Robert Reid, MD, PhD
Dr. Reid is a scientific advisor to the MacColl Center. He is medical director for research translation at Group Health and a senior investigator at Group Health Research Institute. His research and administrative roles involve translating science into health care delivery at Group Health and other health care systems. Dr. Reid is also an affiliate associate professor of health services at the University of Washington School of Public Health, an adjunct professor of health care and epidemiology at the University of British Columbia, and a fellow of the American College of Preventive Medicine.
Katie Coleman, MSPH
Katie Coleman is a research associate at the MacColl Center, where she is exploring various methods to help primary care practices improve health care quality. Ms. Coleman works with collaborators at The Commonwealth Fund and Qualis Health to support 65 safety net practices in five states become patient-centered medical homes (PCMH) through the Safety Net Medical Home Initiative. In addition, she is developing a National PCMH Curriculum that helps coaches introduce, measure, and support practices as they become medical homes. She also serves on the Group Health Medical Home Evaluation Team and works with the Robert Wood Johnson Foundation’s Aligning Forces for Quality communities to support ambulatory quality improvement.
Dona Cutsogeorge, MA
Dona Cutsogeorge is a writer contributing to the MacColl Center, its Improving Chronic Illness Care website, the HMO Research Network, and other Group Health Research Institute projects. She collaborates with scientists, programmers, and designers to create health services research websites, communications materials, and clinical practice resources. A member of the ICIC team since 2001, she also assists the Robert Wood Johnson Foundation Aligning Forces for Quality communities in their ambulatory quality improvement efforts.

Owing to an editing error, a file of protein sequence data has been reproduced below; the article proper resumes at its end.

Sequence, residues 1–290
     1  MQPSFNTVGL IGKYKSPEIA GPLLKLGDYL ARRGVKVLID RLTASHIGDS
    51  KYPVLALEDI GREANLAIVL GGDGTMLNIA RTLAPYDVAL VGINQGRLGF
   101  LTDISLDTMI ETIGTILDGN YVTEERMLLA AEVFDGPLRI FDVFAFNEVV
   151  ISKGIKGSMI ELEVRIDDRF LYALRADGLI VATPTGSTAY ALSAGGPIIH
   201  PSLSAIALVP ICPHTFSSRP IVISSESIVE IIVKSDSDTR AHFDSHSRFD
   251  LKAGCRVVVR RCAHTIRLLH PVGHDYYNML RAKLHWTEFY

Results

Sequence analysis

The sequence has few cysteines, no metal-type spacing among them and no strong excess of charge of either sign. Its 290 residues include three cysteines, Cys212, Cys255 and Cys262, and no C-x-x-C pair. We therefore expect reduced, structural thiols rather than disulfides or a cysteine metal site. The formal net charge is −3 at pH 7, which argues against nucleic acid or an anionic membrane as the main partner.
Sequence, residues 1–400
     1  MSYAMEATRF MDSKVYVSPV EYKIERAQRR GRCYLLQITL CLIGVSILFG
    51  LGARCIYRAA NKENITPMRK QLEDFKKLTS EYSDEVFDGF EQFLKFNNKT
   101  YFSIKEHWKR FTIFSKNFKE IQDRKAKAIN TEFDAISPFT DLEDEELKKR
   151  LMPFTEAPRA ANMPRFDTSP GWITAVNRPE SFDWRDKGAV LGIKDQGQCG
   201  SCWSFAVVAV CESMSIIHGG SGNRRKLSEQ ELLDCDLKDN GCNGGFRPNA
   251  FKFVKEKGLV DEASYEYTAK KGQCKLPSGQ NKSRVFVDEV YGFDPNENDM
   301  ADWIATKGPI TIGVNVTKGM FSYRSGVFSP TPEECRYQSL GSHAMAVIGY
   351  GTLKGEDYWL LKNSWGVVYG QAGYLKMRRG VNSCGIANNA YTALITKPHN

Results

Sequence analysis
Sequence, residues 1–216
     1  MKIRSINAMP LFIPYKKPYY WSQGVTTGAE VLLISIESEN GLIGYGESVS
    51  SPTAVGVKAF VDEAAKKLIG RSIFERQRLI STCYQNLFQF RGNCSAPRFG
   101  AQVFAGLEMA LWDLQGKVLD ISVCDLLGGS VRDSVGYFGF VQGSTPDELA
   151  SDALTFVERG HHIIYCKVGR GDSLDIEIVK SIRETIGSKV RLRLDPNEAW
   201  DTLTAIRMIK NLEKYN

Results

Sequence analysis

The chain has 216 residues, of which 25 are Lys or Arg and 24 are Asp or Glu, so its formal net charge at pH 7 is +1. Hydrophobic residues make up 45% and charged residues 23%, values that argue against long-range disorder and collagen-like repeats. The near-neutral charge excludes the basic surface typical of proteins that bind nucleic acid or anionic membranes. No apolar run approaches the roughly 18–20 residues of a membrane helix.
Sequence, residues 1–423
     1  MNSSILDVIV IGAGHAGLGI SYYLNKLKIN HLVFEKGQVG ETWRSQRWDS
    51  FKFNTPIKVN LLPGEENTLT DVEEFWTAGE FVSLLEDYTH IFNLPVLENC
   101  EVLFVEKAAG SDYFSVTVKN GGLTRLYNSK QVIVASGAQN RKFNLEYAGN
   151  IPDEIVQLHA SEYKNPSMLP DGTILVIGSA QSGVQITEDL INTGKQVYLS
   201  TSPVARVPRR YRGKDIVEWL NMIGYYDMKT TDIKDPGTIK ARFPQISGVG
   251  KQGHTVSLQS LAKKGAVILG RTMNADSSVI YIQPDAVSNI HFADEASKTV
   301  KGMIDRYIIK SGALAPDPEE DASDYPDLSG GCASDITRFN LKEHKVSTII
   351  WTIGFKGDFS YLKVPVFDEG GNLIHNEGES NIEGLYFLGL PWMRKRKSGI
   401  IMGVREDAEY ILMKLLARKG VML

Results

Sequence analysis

Sherry Lauf is business manager of the MacColl Center. She has worked at Group Health for the past 27 years, holding various positions in office management and research administration. She previously worked for the University of Missouri School of Medicine as a departmental administrator. Her interests include research contract negotiation and financial system design.
Karin Johnson, PhD
Dr. Johnson is a research associate at Group Health Research Institute interested in health system improvements that span research, clinical quality improvement, and public health practice. She provides technical assistance such as systematic reviews, needs assessments, and capacity enhancement to care-focused research networks. In addition, she is developing a Web-based curriculum for the Safety Net Medical Home Initiative that provides strategies and tools to support the transformation of primary care practices into patient-centered medical homes.
Leah Tuzzio, MPH
Leah Tuzzio is a senior program manager who studies quality of care, patient-centered care, community-based research, and translating evidence into practice. Ms. Tuzzio works with collaborators from Qualis Health and the National Association of Community Health Centers. She also serves on Group Health’s Partnership for Innovation program, where she works with clinicians and administrators on proposing and implementing clinical innovations. Her publications include studies on improving the quality of care, patient-centered care, and community-based care management trials for chronic illnesses.
Sarah McDonald is the project manager for Primary Care Teams: Learning from Effective Ambulatory Practices, a MacColl Center project funded by the Robert Wood Johnson Foundation. She has worked in research operations and administration since 2001 at Group Health Research Institute and the University of Washington.
Susan Bennett is the MacColl Center's program coordinator. She is responsible for developing, negotiating, and monitoring project budgets.
Rick Perrault is an analytical assistant providing technical decision support for the MacColl Center. He plays a major role in developing and maintaining electronic communication efforts for multiple groups and helps with budget operations, print design, and advancing the Improving Chronic Illness Care bibliographic database.
Adele Clark is an administrative coordinator for the MacColl Center. She oversees program outreach efforts and plays a key role in event planning.